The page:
La Casa del Camino has maintained the old-world charm that drew Hollywood celebrities looking for a beachfront retreat in the 1930s.
The Spanish Mediterranean exterior, with cream-colored stucco walls and red tile roof, fronts South Coast Highway. Inside, the cozy fireplace, large wooden ceiling beams and old-fashioned chandeliers bring visitors back to 1929, when the hotel designed by city councilman and artist William W. Riddell opened.
The period ambiance makes the hotel’s Casa Surf rooms a bit of a hidden gem. Each of the 10 rooms has been individually styled by a designer who paired with a surf brand, such as Billabong, Quiksilver and Roxy. They’re modern and fun, with touches that make them uniquely suited to the beachside hotel.
“For us, being a little, small boutique hotel, to have these global brands at our properties was unbelievable,” said Chris Keller, one of the hotel’s three owners. The 10 rooms were redone as the Casa Surf rooms in 2010 and have been a hit ever since, he said.
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“The reactions from our customers were over the top. They love the rooms. They request the rooms.”
La Casa del Camino has a bit of a history. In its early years, Keller said, it was a central location in a coastal town that still had a lot of dirt roads. In the 1960s, when the city was a hot spot for hippies, the place was known as a party pad. Followers of guru and LSD advocate Timothy Leary stayed here. At the time, it was called Hotel Firenze and owned by a local Italian woman, Keller said. Another owner restored the original name. Keller and his two co-owners bought it in 2002.
“It’s been through a lot,” he said. “It was worn. It needed some attention and some TLC. … We turned on the fireplace, and we never turned it off and added some ambiance and music.”
The Casa Surf rooms differ from the rest of the hotel, but they work in this setting, Keller said. “Even though the original architecture is really different … the whole vibe in Laguna Beach is all about art, surfing, nature.”
Each room is a unique creation. The Lost Room, designed in conjunction with San Clemente surf and skate company Lost, has a Moroccan theme, with hanging colored-glass lanterns, white walls accented with green tile and a curving archway in one wall. L*Space was responsible for the very feminine and glitzy room bearing the swimwear company’s name, with chic pendant lamps of gold rings, a white tufted headboard of faux leather and metallic wallpaper.
But three rooms in particular really capture the beach, with one-of-a-kind fixtures. Walking into the Billabong Men’s Room, the first thing visitors might be drawn to is the ocean view directly ahead. But turn around and there seems to be no end to the creative elements that add up to a beach house effect.
Wood furniture, including the platform bed and a coffee table made from the natural-edge cross-section of a tree, recall driftwood found on the shore. The room’s neutral grays and browns make a perfect setting for warm accents such as amber-colored glass pendant lamps hanging on either side of the bed and orange-red toss pillows.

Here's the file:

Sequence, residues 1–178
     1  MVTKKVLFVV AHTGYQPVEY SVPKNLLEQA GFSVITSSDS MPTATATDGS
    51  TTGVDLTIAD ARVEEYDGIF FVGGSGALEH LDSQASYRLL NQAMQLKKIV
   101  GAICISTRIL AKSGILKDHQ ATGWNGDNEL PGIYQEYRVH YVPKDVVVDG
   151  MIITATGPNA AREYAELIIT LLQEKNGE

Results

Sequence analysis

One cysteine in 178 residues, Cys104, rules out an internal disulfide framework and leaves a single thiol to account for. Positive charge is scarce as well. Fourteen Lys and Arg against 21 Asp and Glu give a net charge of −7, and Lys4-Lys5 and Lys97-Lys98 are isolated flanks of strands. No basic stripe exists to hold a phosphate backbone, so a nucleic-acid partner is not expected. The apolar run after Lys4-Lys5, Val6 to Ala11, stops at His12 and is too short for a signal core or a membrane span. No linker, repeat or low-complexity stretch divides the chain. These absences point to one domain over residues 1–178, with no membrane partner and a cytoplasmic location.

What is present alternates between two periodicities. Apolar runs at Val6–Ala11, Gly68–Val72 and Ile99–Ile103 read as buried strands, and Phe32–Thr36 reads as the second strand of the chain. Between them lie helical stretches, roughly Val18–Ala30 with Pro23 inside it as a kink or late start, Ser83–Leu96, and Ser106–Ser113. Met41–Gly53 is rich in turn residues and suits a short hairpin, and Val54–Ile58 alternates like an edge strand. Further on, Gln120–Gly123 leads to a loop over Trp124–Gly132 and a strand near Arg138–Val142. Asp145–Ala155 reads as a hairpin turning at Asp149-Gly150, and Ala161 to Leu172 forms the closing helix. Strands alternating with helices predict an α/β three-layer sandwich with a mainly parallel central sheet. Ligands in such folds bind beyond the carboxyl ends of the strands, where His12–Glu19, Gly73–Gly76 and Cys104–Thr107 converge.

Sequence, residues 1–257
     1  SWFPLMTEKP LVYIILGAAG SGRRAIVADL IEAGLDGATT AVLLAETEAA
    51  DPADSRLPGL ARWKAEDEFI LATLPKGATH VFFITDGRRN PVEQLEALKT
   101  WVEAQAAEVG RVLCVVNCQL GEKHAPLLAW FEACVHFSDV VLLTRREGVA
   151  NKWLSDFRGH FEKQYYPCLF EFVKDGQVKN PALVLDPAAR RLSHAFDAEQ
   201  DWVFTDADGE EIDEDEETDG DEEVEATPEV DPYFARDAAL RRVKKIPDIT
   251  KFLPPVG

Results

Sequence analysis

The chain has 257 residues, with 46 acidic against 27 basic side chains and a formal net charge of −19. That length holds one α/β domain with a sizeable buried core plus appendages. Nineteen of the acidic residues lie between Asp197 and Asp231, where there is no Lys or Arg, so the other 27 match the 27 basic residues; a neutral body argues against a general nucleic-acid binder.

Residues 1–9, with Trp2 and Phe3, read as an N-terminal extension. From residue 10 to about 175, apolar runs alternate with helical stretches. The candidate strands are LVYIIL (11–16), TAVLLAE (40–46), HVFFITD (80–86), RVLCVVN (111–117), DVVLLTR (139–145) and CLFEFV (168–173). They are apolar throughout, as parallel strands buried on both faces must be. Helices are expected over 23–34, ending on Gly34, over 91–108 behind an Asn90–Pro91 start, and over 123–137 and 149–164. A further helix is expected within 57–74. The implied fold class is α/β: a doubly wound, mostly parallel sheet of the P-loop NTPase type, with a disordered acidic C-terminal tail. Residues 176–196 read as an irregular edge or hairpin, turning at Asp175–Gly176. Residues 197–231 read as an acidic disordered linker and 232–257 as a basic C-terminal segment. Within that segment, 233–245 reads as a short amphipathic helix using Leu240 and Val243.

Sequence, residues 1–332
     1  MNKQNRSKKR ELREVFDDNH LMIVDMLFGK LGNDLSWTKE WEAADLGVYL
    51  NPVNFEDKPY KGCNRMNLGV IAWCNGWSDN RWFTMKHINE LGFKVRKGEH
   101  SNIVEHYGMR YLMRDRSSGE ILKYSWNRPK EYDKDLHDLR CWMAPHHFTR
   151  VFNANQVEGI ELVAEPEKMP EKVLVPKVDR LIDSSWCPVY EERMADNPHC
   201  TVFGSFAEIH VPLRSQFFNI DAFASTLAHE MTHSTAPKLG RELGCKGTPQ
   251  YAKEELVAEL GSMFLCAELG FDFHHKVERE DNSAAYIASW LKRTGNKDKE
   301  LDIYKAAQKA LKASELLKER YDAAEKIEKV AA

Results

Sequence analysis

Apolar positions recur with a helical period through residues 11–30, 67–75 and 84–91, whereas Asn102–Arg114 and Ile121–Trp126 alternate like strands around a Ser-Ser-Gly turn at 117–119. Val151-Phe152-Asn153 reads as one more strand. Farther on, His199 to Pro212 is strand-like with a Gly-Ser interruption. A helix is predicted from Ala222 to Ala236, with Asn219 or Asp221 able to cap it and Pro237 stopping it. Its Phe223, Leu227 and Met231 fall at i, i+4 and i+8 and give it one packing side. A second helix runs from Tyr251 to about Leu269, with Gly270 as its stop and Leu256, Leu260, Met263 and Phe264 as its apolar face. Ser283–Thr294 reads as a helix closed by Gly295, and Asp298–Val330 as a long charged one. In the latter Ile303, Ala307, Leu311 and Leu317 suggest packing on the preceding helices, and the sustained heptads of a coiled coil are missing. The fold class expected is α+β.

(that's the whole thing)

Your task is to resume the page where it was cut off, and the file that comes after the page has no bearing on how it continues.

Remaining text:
The centerpiece of the room is the collage of overlapping framed art above the bed: images of surfers, a wood cutout of palm trees and patterns using Billabong’s wave logo. The cool part: That middle image of a strapping young surfer is actually a light fixture. So is the surfboard on an adjacent wall and another beautiful piece, of overlapping rectangles making up a powerful, blue wave.
The walls are finished to look like gray cement, and the stone effect continues in the bathroom. The cement sink and stone-tiled shower are complemented by light fixtures above the mirror that add a little sparkle in the form of glass cubes. It’s a masculine room, but with sophistication.
Upstairs, the Glaceau Room, designed in conjunction with the beverage brand, makes the most of its small corner. Light fills the space and puts the best feature on display. Behind the bed is a wall of iridescent glass circles, which change color depending on one’s view. Their hues are like the variations found in abalone shells, but their shapes remind one of bubbles floating up through water. A simple chandelier of clear glass baubles continues the effervescent theme.
White walls, blue glass accents such as a tall vertical pane serving as a partial room divider, turquoise pillows, and white and marine blue curtains are a nice framework for the ocean outside.
The Rip Curl Room makes a bold beachy statement with its one wall filled with a photomural: A surfer moves underwater with his board, looking up through the blue at the sun and a wave crashing on the surface. It’s an image filled with both action and calm.
The rest of the room takes its cue from that, with surfboards hanging in the bedroom and bathroom, a white wall feature at the head of the bed that mimics the pattern of rippling water, and a beachy wicker chair that uses fabric from Rip Curl boardshorts on its cushions. Industrial-style silver light fixtures look like something that would be found along an ocean boardwalk.
“Each is really a different personality,” Keller said of the Casa Surf rooms. “Each is really capturing the heart ... of what Laguna Beach is all about.”
Nightly rates start at around $200. For more information, visit www.lacasadelcamino.com.